What drives Alfred Uhry?

‘Driving Miss Daisy’ has shifted gears from stage to film and is now back on stage; playwright: "I was really writing a family memoir about my childhood."

miss daisy_311 (photo credit: Annabel Clark)
miss daisy_311
(photo credit: Annabel Clark)
Who would have imagined that a simple, three-person play with fairly modest staging would be the hottest ticket on Broadway? But this season, Driving Miss Daisy, starring Vanessa Redgrave, James Earl Jones and four-time Tony winner Boyd Gaines, is one of the hardest tickets to get. On October 6, the day before previews had even begun, Variety reported advance sales of $4.5 million.
The story, about the bond that develops between an elderly Southern Jewish lady and her African-American chauffeur has become a classic, mostly because of the Oscar-winning film that starred Jessica Tandy and Morgan Freeman. The film was based on the original play, written by Alfred Uhry, with whom I recently shared a cup of coffee at a popular theater district diner in New York.
“I was not trying to write anything with a message. I don’t write that way. I was really writing a family memoir about my childhood,” Uhry remarked. He is relaxed while loquacious in exploring with me the titular character.
Miss Daisy (Vanessa Redgrave) was based to a large extent on his own grandmother, whom he describes as “lovable because she’s pretty irascible. She has absolutely no sense of humor about herself, and it makes her funny.”
The more earnest character, from Uhry’s perspective, is the chauffeur (James Earl Jones). “Hoke,” he explains, “is a more socially evolved man than she is. Of course, he hasn’t had any education. He’s functionally illiterate when he comes to work for her. And he’s an old man, too. But they learn from each other that labels aren’t it. It’s what’s inside yourself that’s it. And that people need to realize that about each other,” he says.
“I find what’s so interesting,” Uhry adds, “is that in the 25 years since I wrote the play, we’ve certainly made great racial strides in this country – enormous racial strides – but that labeling is still here. It is for blacks. It is for Jews. It now is all of a sudden for Muslims. And so all that fear and hate and ignorance is there.”
About his own upbringing, the playwright shares with me the internalized anti- Semitism of his Southern German Jewish ancestry. As he observed it, “Being Jewish was some sort of defect that you had to overcome like being lame or being blind. So I grew up with a chip on my shoulder, wishing that I could have, as I said in another one of my plays, “kissed my elbow and turned into an Episcopalian.”
That play, The Last Night at Ballyhoo, the second in Uhry’s unofficial Atlanta trilogy, ends with a return to traditional Jewish ritual as if to suggest that as the way forward for American Jewry.
Is that what he believes?. “Yes, I do believe it,” he affirms. “It’s what I wish for all my grandchildren. It doesn’t hurt to have that little extra to hang onto when bad stuff happens. It’s good to have a higher power, which I also believe exists. I believe all the tenets of Judaism. I was just raised outside of the ritual.”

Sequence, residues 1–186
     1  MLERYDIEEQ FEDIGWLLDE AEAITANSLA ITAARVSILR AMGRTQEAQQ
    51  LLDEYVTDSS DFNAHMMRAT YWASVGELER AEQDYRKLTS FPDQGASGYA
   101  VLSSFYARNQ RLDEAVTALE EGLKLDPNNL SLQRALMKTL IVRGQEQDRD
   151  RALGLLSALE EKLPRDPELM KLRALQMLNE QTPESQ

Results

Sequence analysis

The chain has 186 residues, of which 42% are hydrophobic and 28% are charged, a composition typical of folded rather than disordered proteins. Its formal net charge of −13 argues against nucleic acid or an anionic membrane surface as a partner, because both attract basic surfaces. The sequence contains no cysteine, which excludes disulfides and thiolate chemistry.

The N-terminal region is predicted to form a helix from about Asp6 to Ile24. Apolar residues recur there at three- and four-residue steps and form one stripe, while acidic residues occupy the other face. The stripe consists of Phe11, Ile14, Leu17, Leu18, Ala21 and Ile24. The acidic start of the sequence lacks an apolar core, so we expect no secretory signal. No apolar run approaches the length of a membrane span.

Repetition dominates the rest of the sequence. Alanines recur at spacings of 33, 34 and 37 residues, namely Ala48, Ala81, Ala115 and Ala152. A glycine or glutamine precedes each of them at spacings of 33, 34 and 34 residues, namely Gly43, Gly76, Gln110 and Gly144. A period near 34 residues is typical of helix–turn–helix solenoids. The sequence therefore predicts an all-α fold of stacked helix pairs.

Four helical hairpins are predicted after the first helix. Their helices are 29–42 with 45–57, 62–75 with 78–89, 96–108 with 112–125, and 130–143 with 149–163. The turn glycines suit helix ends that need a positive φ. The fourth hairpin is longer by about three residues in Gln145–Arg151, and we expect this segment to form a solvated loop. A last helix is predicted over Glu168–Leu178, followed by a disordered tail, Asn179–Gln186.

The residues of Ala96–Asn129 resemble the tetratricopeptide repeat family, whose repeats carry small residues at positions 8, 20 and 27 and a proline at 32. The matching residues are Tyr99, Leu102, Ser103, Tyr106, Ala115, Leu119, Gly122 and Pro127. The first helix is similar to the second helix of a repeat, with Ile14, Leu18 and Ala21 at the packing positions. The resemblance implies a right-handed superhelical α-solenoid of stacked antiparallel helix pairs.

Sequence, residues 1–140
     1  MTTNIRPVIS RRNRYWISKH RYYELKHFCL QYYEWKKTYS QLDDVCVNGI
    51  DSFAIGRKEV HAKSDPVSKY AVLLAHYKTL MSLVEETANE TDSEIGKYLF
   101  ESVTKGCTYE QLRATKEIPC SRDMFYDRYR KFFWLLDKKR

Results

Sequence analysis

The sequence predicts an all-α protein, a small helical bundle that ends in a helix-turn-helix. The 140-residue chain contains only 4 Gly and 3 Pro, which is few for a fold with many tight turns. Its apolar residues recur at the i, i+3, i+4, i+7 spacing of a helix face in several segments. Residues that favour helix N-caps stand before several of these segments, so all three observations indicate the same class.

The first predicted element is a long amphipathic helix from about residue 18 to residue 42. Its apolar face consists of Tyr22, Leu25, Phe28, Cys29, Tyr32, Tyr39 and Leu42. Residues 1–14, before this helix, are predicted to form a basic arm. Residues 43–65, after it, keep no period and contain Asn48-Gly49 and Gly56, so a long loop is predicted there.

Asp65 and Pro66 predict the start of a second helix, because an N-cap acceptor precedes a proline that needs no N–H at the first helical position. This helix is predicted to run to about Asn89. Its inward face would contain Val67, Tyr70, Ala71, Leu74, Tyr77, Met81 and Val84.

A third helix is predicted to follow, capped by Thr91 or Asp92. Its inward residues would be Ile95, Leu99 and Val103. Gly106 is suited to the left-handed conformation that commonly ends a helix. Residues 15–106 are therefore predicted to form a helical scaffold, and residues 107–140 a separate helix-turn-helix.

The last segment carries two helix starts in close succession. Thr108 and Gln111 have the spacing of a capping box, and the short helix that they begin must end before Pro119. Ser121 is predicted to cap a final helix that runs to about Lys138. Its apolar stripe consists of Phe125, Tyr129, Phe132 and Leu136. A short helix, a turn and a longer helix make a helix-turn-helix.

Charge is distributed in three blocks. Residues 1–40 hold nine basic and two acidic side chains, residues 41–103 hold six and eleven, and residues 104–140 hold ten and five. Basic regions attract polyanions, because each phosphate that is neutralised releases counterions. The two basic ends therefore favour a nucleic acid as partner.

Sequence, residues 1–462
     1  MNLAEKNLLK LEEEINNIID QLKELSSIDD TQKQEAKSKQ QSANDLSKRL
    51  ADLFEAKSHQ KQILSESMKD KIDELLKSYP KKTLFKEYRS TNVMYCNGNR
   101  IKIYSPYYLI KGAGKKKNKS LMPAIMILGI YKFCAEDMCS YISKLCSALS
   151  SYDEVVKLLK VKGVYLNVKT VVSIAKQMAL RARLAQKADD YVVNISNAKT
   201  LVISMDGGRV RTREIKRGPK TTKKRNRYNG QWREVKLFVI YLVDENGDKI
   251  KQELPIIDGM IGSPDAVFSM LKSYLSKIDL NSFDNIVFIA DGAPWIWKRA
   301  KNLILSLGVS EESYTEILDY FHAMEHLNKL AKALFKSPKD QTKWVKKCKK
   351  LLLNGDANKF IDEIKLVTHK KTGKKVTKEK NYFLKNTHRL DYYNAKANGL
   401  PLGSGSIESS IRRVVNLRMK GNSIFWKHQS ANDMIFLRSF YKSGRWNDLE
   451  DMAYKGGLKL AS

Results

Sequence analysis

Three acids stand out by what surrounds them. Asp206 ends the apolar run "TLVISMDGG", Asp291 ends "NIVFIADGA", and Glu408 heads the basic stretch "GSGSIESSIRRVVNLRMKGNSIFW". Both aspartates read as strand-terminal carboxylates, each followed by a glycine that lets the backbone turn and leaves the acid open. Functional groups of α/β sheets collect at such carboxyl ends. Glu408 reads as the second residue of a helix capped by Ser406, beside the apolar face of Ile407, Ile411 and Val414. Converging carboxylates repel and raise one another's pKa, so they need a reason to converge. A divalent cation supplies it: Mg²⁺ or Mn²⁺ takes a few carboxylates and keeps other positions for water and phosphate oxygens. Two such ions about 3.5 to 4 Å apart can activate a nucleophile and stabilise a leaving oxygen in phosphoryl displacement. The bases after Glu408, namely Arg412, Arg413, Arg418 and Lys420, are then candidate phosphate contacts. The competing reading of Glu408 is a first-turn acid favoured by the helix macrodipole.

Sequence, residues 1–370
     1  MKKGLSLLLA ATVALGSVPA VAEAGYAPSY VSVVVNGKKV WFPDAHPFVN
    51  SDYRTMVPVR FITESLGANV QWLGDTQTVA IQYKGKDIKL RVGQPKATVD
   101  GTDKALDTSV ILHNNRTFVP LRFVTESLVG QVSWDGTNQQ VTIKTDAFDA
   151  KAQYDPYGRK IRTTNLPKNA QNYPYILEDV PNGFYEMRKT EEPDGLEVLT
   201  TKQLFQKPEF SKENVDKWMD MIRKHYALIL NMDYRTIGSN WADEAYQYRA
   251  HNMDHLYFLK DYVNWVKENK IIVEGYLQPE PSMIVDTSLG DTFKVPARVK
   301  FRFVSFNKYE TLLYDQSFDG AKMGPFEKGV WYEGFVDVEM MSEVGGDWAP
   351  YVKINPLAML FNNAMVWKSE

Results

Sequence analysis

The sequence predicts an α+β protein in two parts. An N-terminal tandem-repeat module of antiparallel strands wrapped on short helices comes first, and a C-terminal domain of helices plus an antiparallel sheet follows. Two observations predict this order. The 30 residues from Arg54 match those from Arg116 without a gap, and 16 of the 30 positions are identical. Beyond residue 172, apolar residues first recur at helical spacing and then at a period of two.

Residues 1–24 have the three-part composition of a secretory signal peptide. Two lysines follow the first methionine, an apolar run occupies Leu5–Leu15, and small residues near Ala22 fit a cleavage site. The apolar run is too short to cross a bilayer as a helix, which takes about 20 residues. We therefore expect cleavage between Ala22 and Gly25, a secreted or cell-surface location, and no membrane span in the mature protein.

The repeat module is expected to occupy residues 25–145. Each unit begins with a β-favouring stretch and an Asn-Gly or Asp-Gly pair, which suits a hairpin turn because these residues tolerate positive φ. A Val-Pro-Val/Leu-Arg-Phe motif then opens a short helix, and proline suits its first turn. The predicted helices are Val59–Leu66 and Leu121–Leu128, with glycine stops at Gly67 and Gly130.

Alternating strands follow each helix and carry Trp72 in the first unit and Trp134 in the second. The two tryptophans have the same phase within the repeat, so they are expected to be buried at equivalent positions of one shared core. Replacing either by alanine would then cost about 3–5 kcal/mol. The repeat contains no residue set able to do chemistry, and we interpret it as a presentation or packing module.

On another note, Uhry speaks of James Earl Jones. “He’s a very modest man. He doesn’t say much, but wow is he articulate!”
Clearly, the actor identified something about contemporary conflict when he commented that “What we see in the play is the kind of patience that’s needed from people who are essentially powerless. Not just Hoke but Miss Daisy….Really powerless to curb the things that went wrong in Atlanta and in the South in general – in America in general. We didn’t have much power. Not that we would have used it well if we had. But you will have a chance to see people functioning from powerlessness.”
In that vein, the play evokes the bombing of Atlanta’s Reform temple – and the state of disbelief into which it throws Miss Daisy, who imagines that it must have been intended for the Orthodox or Conservative synagogues instead. But Hoke sets her straight” “A Jew is a Jew to them folks.” He tells her, “Jes’ like light or dark, we all the same nigger.”
Uhry, who was a student at Brown University when the bombing occurred, recalls seeing the temple he knew pictured at the newsstand. It affected him profoundly.
As he recounts, “When this came about, the Civil Rights movement was in its infancy. The rabbi there and Martin Luther King Jr. were very close. Of course, Jews were not subject to what blacks were subject to in the South, but they were also victims of prejudice. So the rabbi’s holding hands with Ralph Abernathy and King singing ‘We Shall Overcome’ – well, it was a very stirring period.”
That Driving Miss Daisy brings us a sense of that period through the microcosm of this simple relationship speaks to its enduring quality. It made Alfred Uhry the only person ever to receive the Tony, Oscar and Pulitzer awards for dramatic writing. And while it was his first play, Uhry had struggled for years before that as a lyricist (with far more success than he’s willing to concede over morning coffee).
“Writing lyrics was too hard,” he complained. I met Stephen Sondheim and I thought ‘I’m never going to be as good as that.’ But having Shakespeare and Arthur Miller in the world never stopped me from writing a play. It’s just what I wanted to do.”